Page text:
Photos courtesy of the LPC
Members of the Landmarks Preservation Commission voted Tuesday in favor of landmarking two historic sites in Yorkville–the First Hungarian Reformed Church of New York at 344 East 69th Street and the National Society of Colonial Dames in the State of New York at 215 East 71st Street. As 6sqft previously reported, the Hungarian Reformed Church was designed in 1916 by esteemed architect Emery Roth as one of his few religious buildings and his only Christian structure. The Colonial Dames headquarters is housed in an intact Georgian Revival-style mansion built in 1929.
Find out more
The Landmarks Preservation Commission voted on Tuesday to designate The Strand bookstore as an individual landmark, despite opposition from the store’s owner and local community members. Nancy Bass Wyden, who owns the Strand building, did not support designation because she worried that restrictions placed on landmarked buildings would prevent timely construction or renovation of the store in the future. While more than 11,000 people signed a petition opposing the designation, according to Wyden’s attorney, the commission voted unanimously in favor of landmarking. “Although this is not the outcome we hoped for, we’ll continue to serve our customers as we have done robustly for 92 years,” the Strand wrote in a tweet Tuesday.
Full scoop this way
Top, left to right: GAA Firehouse, James Baldwin Residence, LGBT Community Center; Bottom, left to right: Audre Lorde Residence, Women’s Liberation Center, Caffe Cino; Photos courtesy of NYC LGBT Historic Sites Project
During a hearing on Tuesday, New York City residents, members of the LGBTQ community, and elected officials voiced their support for the landmarking of six individual sites related to the history of the lesbian, gay, bisexual and transgender community. Advocates say the proposed landmarks would recognize groups and individuals who have advanced the LGBTQ rights movement. Ken Lustbader, co-director of the NYC LGBT Historic Sites Project, urged LPC to preserve the sites. “The Landmarks Preservation Commission’s designation of these six LGBTQ sites has the power to provide both a tangible, visceral connection to what is often an unknown and invisible past and the intangible benefits of pride, memory, identity, continuity, and community,” Lustbader said on Tuesday.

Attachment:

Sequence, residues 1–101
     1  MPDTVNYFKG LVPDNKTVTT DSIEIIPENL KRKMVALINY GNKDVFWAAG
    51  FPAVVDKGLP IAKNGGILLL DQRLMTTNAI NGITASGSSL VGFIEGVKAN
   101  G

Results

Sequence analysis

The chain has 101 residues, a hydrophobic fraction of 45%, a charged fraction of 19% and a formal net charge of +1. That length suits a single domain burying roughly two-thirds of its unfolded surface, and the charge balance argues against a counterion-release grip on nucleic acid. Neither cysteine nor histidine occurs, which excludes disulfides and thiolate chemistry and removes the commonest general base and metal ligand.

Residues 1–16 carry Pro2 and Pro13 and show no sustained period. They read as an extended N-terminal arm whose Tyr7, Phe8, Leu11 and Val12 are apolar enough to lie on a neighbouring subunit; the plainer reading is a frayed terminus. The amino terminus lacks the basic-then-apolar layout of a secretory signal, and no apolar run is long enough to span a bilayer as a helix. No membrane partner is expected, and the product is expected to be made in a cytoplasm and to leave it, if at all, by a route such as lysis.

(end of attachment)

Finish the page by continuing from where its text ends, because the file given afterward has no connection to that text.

A man wearing a fez selling drinks in Little Syria in the early 1900s, via Wiki Commons
Three structures on Lower Manhattan’s Washington Street–St. George’s Syrian Catholic Church at 103 Washington Street, The Downtown Community House at 105-107 Washington Street, and the block’s sole surviving tenement at 109 Washington Street--are the last standing architectural vestiges of the once-thriving community of Little Syria. The area served as home to immigrants from Lebanon, Syria, Palestine, Greece, Turkey, Armenia, Moravia, Slovakia, Poland, Hungary, Lithuania, Ukraine, Germany and Ireland that flourished on the Lower West Side in the Late 19th and Early 20th Centuries. Before that surviving history is lost, local preservationists are calling for the structures to become part of a mini historic district, citing a “landmarks emergency.”
Get the scoop
Top, left to right: GAA Firehouse, James Baldwin Residence, LGBT Community Center; Bottom, left to right: Audre Lorde Residence, Women’s Liberation Center, Caffe Cino; All photos courtesy of NYC LGBT Historic Sites Project
The city’s Landmarks Preservation Commission voted on Tuesday to calendar six individual sites related to the history of the lesbian, gay, bisexual and transgender (LGBT) community in New York City. The proposed landmarks highlight both groups and individuals who have advanced the LGBT rights movement by providing structure for community and political support, as well as raising public awareness. The commission’s decision to calendar the sites comes ahead of next month’s 50th anniversary of the Stonewall uprising and NYC’s annual Pride celebration. LPC Chair Sarah Carroll said on Tuesday a public hearing to discuss the sites will be held June 4.